Page last updated at 14:49 GMT, Friday, 6 February 2009

'2.50 to destroy a Wright file'

Billy Wright
Wright was shot dead by republican prisoner in December 1997

The prison service allegedly paid 2.50 for every file destroyed after the killing of leading loyalist Billy Wright, the High Court heard has heard.

It has been claimed that two people were instructed to get rid of thousands of documents following his death.

DUP MLA Ian Paisley Jnr says he was supplied the information by a prison officer who he refuses to identify.

His position is being challenged in the High Court by the public inquiry set up to probe the LVF leader's killing.

The 37-year-old was shot dead shot by republican prisoners in the Maze prison in December 1997.

Lawyers for the tribunal chaired by Lord MacLean are seeking to compel Mr Paisley to co-operate with its requests for the officer's name.

During a discovery application ahead of next month's full hearing, Mr Justice Gillen explored some of the allegations made in a statement by Mr Paisley.

The judge said: "He says 'I have received information from a serving prison officer regarding details of a file destruction policy within the Prison Service.

"'Two people were employed to carry out this and paid 2.50 per file destroyed'."

The difficulty is we don't know who the person was Mr Paisley spoke to
John Larkin QC

Responding to the claims, John Larkin QC, for the Inquiry, said: "The difficulty is we don't know who the person was Mr Paisley spoke to."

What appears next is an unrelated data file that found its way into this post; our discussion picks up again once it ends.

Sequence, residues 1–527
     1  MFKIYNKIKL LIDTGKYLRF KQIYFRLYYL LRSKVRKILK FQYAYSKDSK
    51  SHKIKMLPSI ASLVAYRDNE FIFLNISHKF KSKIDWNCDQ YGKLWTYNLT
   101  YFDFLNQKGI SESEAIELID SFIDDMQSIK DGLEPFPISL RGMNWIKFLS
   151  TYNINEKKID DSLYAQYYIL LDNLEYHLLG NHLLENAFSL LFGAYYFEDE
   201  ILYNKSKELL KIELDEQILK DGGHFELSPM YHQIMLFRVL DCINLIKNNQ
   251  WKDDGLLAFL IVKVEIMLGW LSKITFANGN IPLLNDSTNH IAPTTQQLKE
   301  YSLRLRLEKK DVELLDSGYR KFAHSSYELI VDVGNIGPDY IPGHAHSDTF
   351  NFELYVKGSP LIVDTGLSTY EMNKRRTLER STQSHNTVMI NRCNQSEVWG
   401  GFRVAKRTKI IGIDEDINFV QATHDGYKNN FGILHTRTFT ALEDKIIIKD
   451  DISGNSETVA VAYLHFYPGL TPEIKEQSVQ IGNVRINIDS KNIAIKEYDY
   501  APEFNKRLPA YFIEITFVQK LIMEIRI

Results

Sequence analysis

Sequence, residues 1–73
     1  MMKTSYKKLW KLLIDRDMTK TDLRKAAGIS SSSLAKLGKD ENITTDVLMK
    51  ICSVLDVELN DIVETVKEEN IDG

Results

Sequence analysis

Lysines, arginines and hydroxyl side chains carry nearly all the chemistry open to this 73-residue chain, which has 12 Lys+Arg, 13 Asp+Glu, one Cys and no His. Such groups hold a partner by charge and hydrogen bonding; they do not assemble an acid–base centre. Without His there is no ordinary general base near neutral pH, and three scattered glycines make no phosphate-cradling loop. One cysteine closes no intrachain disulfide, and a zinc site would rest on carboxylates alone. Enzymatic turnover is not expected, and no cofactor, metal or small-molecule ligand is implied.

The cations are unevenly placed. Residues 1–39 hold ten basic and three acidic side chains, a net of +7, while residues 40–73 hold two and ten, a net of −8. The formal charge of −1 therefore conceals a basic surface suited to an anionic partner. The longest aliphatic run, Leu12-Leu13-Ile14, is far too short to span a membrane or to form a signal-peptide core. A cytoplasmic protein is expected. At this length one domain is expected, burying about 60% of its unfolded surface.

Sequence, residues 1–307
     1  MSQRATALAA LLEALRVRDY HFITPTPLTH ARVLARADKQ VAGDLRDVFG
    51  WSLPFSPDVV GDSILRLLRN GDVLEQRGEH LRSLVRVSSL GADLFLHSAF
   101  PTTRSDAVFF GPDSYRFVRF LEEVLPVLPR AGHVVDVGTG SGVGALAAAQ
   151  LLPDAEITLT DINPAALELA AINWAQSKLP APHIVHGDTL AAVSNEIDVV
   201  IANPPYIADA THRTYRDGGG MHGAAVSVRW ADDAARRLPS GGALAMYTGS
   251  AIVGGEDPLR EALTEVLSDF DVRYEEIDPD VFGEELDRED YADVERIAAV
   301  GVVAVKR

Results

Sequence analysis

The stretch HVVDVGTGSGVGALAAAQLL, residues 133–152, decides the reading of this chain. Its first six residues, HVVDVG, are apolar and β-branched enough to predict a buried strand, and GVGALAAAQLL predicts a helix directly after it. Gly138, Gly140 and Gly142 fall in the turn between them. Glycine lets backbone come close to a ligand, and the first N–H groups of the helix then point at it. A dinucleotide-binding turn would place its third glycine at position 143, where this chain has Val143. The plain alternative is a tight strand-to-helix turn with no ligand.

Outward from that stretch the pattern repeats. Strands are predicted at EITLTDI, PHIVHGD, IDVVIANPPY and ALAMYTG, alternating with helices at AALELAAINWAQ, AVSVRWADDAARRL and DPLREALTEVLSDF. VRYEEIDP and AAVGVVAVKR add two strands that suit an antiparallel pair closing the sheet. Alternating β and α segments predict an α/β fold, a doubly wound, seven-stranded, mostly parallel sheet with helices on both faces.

The North Antrim MLA has so far insisted he will not identify the man who gave him the information which he then passed on to David Wright, father of the murdered loyalist.

Mr Paisley said he was told the alleged policy was an emergency due to data protection legislation.

It was suggested that up to 5,600 files were destroyed shortly after Wright was shot dead by republican prisoners.

Mr Paisley said details were given to him in confidence by a senior prison officer who approached him while he was still a Junior Minister at Stormont.

With the information regarded as relevant to the public inquiry into claims of security force collusion in the killing, he decided the most appropriate action was to pass it on to David Wright.

The High Court application, brought under Section 36 of the Inquiries Act which deals with enforcement issues, is believed to be the first of its kind to be made in the UK.

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